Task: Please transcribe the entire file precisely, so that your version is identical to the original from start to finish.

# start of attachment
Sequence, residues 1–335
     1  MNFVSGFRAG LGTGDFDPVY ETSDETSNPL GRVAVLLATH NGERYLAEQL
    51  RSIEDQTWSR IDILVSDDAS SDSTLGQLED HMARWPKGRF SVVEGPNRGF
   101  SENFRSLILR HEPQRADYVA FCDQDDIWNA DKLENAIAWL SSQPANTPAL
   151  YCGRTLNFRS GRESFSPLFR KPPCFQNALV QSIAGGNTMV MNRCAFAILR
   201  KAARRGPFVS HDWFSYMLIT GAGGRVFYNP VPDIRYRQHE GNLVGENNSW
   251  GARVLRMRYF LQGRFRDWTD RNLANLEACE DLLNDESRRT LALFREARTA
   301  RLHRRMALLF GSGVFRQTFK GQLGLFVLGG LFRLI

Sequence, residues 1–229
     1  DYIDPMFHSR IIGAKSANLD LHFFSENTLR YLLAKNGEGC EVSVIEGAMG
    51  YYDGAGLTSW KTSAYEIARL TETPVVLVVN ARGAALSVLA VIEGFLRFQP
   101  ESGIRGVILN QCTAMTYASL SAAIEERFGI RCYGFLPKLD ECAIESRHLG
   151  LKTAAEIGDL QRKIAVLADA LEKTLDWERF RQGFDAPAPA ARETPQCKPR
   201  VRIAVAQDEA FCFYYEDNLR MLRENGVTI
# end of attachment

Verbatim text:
Sequence, residues 1–335
     1  MNFVSGFRAG LGTGDFDPVY ETSDETSNPL GRVAVLLATH NGERYLAEQL
    51  RSIEDQTWSR IDILVSDDAS SDSTLGQLED HMARWPKGRF SVVEGPNRGF
   101  SENFRSLILR HEPQRADYVA FCDQDDIWNA DKLENAIAWL SSQPANTPAL
   151  YCGRTLNFRS GRESFSPLFR KPPCFQNALV QSIAGGNTMV MNRCAFAILR
   201  KAARRGPFVS HDWFSYMLIT GAGGRVFYNP VPDIRYRQHE GNLVGENNSW
   251  GARVLRMRYF LQGRFRDWTD RNLANLEACE DLLNDESRRT LALFREARTA
   301  RLHRRMALLF GSGVFRQTFK GQLGLFVLGG LFRLI

Sequence, residues 1–229
     1  DYIDPMFHSR IIGAKSANLD LHFFSENTLR YLLAKNGEGC EVSVIEGAMG
    51  YYDGAGLTSW KTSAYEIARL TETPVVLVVN ARGAALSVLA VIEGFLRFQP
   101  ESGIRGVILN QCTAMTYASL SAAIEERFGI RCYGFLPKLD ECAIESRHLG
   151  LKTAAEIGDL QRKIAVLADA LEKTLDWERF RQGFDAPAPA ARETPQCKPR
   201  VRIAVAQDEA FCFYYEDNLR MLRENGVTI